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Restoring the wholeness of being: Working with trauma from the focusing-oriented experiential therapy perspective ยป. Gavriel Ansara. December 11, Return to Articles. The following narrative examples describe typical experiences shared by participants across these studies:.

I was made to feel like I am not normal and a social deviant. I felt uncomfortable and felt I could not freely be myself or talk openly about issues concerning myself to my psychologist. I spent more than half of one of my sessions trying to defend myself and my position in the BDSM community as quoted in Wright, a, p.

Needless to say, I have since changed mental health professionals as quoted in Wright, a, p. My BDSM partner was hospitalized at a mental institution. He was not institutionalized for anything to do with BDSM, he was suffering from severe depression and suicidal tendencies as quoted in Wright, a, p. For people seeking bdsm friendly therapy, stigma and rejection by psychotherapists can have profound negative consequences.

Participants who were subjected to negative responses from psychotherapists often felt unable to access therapy in the future and reported feeling unable to seek support again as a bdsm friendly of these experiences. Despite not being explicitly negative, apparent neutrality failed to provide support to counterbalance stigma due to an often hostile and kink-shaming societal context.

As one participant explained. Neither my psychiatrist nor my therapist has a clue about BDSM. All terms explained below. People whom I have mentored have often shared their negative experiences with trauma psychotherapists who are hostile, uninformed, ineffective, or unintentionally harmful. For example, some common questions psychotherapists from a wide range of mental health professions have asked me include the following:.

Bdsm friendly who are proficient in rope bondage are often described as riggers. Discipline can include forms of sensation exchange e. Despite the superficial linguistic similarity, it is crucial that psychotherapists avoid the unfounded conflation of ddlg practitioners with people who sexually harm young people.

Determinations about which relational dynamics and activities constitute kinks often reveal more about the erotic culture and ideology of the people making the determinations than they do about the people engaging in the kink. For example, some people might consider the wearing of silky lingerie to be a kink, whereas other people might consider wearing silky lingerie to be a normative practice during erotic encounters. Although kinks and fetishes are often conflated, all fetishes are kinks, but not all kinks are fetishes.

For example, Holvoet et al. Yet one Australian study found that only 1. Hopkins articulated the need for nuanced theorising that distinguishes between simulation and replication of sexist patriarchal activities.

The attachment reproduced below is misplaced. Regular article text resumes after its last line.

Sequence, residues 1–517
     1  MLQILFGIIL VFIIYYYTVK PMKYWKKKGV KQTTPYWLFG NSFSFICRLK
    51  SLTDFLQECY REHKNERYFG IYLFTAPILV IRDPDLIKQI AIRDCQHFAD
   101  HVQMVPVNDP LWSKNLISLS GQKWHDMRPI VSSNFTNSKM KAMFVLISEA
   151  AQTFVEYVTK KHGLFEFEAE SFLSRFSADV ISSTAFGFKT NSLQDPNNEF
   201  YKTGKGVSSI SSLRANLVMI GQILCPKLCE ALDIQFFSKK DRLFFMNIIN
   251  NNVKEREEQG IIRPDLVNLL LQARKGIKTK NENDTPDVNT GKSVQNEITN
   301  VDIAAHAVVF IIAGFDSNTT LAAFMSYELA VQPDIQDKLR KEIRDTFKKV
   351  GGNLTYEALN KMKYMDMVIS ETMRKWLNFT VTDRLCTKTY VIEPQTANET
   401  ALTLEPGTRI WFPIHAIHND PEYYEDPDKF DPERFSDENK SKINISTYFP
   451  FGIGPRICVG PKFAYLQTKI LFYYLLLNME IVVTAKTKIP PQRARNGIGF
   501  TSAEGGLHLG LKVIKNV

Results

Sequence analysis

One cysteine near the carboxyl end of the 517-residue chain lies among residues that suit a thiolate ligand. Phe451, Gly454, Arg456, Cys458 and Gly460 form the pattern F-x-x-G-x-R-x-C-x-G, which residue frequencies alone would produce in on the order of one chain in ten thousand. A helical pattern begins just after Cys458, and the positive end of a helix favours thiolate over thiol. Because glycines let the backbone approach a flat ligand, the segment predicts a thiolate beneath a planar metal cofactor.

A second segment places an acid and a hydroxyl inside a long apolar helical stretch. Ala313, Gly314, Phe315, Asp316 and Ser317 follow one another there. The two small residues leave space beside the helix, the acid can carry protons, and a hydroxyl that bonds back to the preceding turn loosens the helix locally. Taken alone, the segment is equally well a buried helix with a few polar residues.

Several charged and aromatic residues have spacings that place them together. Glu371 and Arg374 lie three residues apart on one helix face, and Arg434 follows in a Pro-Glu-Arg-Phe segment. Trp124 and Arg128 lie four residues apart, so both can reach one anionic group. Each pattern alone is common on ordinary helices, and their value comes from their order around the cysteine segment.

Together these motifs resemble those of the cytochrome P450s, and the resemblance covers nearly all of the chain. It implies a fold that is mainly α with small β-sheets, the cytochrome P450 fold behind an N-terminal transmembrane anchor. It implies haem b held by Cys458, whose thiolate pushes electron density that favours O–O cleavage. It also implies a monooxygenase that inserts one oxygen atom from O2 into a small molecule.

Herman, Stage 1 is relationship building and also safety and stabilisation. Stage 2, psychoeducation and self-regulationprovides psychoeducation about the biopsychosocial manifestations of trauma, helps people to develop interoception i. Stage 3, recovery and resolutionfocuses on exposure to past traumatic experiences through narrative, visual, and other methods.

Current best practice guidelines state that Stage 3 is only indicated in cases where a person is experiencing intrusion or intrusion-related avoidance of necessary or desired domains of life experience following the completion of Stage 2. Stage 3 marks the completion of work to address past trauma. During Stage 4, post-traumatic resiliency buildingtherapists assist people to build meaningful, fulfilling lives following traumatic experiences. The focus is on changing perceptions of self, interpersonal relationships, and philosophy of life.

This stage focuses on relating to others, personal strength, spiritual change and maturity, appreciation of life, and new possibilities. Stage 4 work also involves helping people to develop resiliencies that reduce the adverse impact of future life events. Five Essential Clinical Skills. Non-binary people who identify with more than one gender may use either of these gendered terms. Some people with more than one gender will alternate between terms depending on their gender expression in the moment.

The term submissive is often shortened to sub or the affectionate and diminutive subbie. Some service submissives achieve personal or erotic fulfilment from serving a drink to their Dominant or functioning as human furniture such as a dining table or footstool. A queer woman who identifies as a service submissive explained that. I get pleasure from serving my dom in almost whatever way she wants me to. This includes things like foot massages, cooking and cleaning for her, repairing her clothing, opening doors for her and generally following orders as quoted in Bernard,Service Sub section.

A Service Dominant or Service Top is a D-type in which the Dominant or Top derives pleasure from providing pleasure to or doing things to their submissive bdsm friendly bottom. Some Service Tops can achieve personal or erotic fulfilment from tying up or spanking an enthusiastic Bottom or by stimulating the Bottom to orgasm without the Service Top wanting to orgasm or receive any physical stimulation of their own body.

Any of these terms can also be used by people of any gender. Psychotherapists can help people to normalise these experiences and reduce distress by helping people to recognise when they are in drop and by providing them with language to make sense of these experiences.

Sprott and Randall used the term x-drop to refer collectively to four distinct types of drop: sub drop, Top drop, event dropand scene drop. Later x-drop is less easily explained in terms of physiological responses than initial x-drop. The authors provided a non-pathologising approach to understanding drop, identifying multiple possible explanations for later x-drop that include the initiation of a grief and bereavement process and as part of the process of identity development.

Fire safety tools such as fire extinguishers and fire blankets can be kept in close proximity to the waxplay, such as on the nearest wall or beside a bed. Non-abusive waxplay also involves holding the candle at a safe distance away from the body.

Although individual pain tolerances, skin sensitivities, and consensus vary between communities, this is generally considered to be at least 46 centimetres or 18 inches away from the body. These examples provide only a partial list of the essential components of waxplay safety, so readers are advised to obtain adequate knowledge not contained in this article. It is beyond the scope of this article to provide a comprehensive checklist of these components, particularly given the diverse norms across different BDSM relational role types, social networks, and communities of practice.